Twelve Days of Christmas Poetry: VI

Christmas Trees

Bonhoeffer in his skylit cell
bleached by the flares, candescent fall,
pacing out his own citadel,

restores the broken themes of praise,
encourages our borrowed days,
by logic of his sacrifice.

Against wild reasons of the state
his words are quiet but not too quiet.
We hear too late or not too late

Geoffrey Hill


  1. Thomas Parkin says:

    I love Geoffrey Hill.

    Most of his recent stuff is pretty opaque – you need a topical guide to get at it: ( His poems are definitely work, only revealing themselves on many reads. Still. Good stuff.

    The combinaton of his colorful, material cosmology, and his indignation with modern society, gets him right close to what is, for me, the _aesthetic_ appeal of Mormonism.

    (Hope I’m not violating a purity in Kristine’s series by quoting my favorite Hill poem.)

    Sobieski’s Shield


    The blackberry, white
    field-rose, all others
    of that family:

    steadfast is the word

    and the star-gazing planet out of which
    lamentation is spun.


    Overnight as the year
    purple garish-brown
    aster chrysanthemum
    signally restored
    to a subsistence of slant light
    as one would venture
    Justice Equity
    or Sobieski’s Shield even
    the names
    and what they have about them dark to dark.

    (if You Could Hie to Kolob, indeed!!)


  2. What a gift of a thread!~ Thank you, Kristine.
    May I offer a timely poem by Galway Kinnell:


    Little beings with their hair blooming
    so differently on skulls of odd sizes
    and their eyes serious and their jaws
    very firm from singing in Gilead, and with
    their mouths gaping, saying
    “Ah!” for God,
    “O!” for an alphabet of O’s,
    they stand in rows, each suspended
    from a fishing line
    hooked at the breastbone, being hauled up
    toward the heavenly gases.

    Everyone who truly sings is beautiful.
    Even sad music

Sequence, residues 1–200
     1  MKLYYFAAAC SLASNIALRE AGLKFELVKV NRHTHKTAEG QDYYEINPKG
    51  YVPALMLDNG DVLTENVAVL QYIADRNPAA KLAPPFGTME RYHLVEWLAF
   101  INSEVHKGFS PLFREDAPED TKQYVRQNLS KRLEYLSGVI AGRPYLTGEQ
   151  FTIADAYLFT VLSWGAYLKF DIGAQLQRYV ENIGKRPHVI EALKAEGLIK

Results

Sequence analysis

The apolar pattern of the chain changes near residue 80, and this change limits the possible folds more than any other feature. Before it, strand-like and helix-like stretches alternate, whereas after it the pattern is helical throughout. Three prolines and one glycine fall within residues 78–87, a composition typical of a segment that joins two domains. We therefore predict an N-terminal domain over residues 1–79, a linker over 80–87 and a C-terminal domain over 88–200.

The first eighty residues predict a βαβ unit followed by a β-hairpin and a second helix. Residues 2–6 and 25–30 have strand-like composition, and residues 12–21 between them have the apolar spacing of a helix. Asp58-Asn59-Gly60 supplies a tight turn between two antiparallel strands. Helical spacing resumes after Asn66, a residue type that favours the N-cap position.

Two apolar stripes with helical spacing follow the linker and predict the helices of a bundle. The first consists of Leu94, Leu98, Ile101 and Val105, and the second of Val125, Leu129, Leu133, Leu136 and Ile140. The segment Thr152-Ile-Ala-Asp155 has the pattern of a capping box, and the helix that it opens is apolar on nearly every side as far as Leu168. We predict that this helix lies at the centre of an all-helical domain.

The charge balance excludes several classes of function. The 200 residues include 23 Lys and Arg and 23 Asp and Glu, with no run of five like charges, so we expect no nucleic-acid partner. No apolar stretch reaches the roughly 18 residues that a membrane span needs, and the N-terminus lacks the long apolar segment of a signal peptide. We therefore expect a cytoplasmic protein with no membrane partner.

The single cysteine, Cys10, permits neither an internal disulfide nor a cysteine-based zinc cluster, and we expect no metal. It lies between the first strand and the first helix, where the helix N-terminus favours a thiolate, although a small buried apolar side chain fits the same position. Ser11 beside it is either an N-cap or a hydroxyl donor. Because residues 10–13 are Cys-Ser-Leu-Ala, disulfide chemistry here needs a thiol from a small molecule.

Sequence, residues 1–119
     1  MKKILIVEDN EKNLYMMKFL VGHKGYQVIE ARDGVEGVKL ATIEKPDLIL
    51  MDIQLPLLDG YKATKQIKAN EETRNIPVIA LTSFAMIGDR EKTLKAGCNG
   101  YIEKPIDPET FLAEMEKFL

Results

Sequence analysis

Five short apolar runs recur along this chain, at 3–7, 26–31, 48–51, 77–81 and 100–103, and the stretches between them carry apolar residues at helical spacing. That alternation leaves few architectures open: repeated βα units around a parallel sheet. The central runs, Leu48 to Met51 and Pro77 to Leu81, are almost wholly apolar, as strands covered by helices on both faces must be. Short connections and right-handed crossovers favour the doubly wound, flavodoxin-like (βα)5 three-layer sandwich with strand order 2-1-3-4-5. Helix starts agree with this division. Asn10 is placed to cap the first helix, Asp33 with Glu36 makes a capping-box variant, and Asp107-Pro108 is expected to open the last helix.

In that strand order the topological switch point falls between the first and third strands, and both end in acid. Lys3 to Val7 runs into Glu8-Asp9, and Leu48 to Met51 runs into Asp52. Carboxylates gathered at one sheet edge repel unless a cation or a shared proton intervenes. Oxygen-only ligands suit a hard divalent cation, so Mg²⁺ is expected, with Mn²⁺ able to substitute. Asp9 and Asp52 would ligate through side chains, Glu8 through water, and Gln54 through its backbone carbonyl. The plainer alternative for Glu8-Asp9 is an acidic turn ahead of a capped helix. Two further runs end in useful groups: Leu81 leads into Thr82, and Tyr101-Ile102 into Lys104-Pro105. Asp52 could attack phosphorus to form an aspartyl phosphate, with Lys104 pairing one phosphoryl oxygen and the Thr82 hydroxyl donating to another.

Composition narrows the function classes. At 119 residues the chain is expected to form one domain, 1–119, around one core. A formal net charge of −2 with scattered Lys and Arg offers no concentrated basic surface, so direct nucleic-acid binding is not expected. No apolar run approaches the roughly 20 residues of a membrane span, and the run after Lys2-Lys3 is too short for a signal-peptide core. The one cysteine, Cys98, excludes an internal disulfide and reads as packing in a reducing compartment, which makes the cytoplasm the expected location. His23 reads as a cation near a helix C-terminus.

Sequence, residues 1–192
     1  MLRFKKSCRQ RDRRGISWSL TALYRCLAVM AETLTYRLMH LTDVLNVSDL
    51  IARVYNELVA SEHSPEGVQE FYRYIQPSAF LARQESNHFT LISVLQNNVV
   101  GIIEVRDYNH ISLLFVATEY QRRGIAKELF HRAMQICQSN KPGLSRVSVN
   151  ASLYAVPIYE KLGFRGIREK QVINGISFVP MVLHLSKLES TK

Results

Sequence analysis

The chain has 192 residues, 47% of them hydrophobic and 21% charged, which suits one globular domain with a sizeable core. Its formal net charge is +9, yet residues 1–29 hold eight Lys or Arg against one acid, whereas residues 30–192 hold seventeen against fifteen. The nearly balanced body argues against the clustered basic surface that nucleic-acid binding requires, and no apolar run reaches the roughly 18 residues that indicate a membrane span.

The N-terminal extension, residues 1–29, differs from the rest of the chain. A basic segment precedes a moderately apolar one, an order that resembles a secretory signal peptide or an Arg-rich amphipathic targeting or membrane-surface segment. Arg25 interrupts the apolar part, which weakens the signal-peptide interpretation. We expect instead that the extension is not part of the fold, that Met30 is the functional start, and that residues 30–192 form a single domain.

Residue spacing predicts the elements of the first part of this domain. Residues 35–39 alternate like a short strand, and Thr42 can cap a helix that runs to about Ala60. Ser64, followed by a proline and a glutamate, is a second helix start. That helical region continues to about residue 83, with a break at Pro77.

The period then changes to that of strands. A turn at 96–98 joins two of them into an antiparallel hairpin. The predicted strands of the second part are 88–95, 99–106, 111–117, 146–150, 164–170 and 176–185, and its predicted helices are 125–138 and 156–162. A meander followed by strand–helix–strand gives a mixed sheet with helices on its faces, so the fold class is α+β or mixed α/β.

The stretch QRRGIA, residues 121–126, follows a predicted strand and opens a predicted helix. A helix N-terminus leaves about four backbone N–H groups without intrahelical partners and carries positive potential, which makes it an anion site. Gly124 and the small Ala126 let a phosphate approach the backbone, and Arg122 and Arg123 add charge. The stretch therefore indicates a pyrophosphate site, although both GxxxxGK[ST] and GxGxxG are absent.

requires an absolute happiness:
    eyes, nostrils, mouth strain together
    in quintal harmony
    to sing Joy and Death well.

  3. I didn’t want to be presumptuous by posting a poem of my own making in the same breath, as it were, with Galway Kinnell. So, separately, here is a New Year poem:


    The solitary junco
    at our bird feeder
    pays no heed
    to the tolling bells
    or shrill plastic horns
    that mimic rasping crows.
    It is not his new year
    that is welcomed.
    But it is mine.
    So I will remember to buy more sunflower seeds.
    And I have hung two wide strips of red
    ribbon in the window,
    because Friday, a sober junco crashed
    into the glass,
    seeing it as simply more dark night.
    I resolve to lose no more birds to illusion.

  4. Thanks, Kristine. I’m eagerly checking in every day. Anyone else making her way through Harold Bloom’s American Religious Poems? Nice to see May Swenson well represented.

  5. Molly,

    I haven’t picked up that book yet, but I have to think Bloom would like my personal tradition of reading Milton’s Ode on the Morning of Christ’s Nativity every Christmas. (I used to try to subject my family to it before Christmas brunch, but lengthy and voluble protests have convinced me to make this a private devotion :))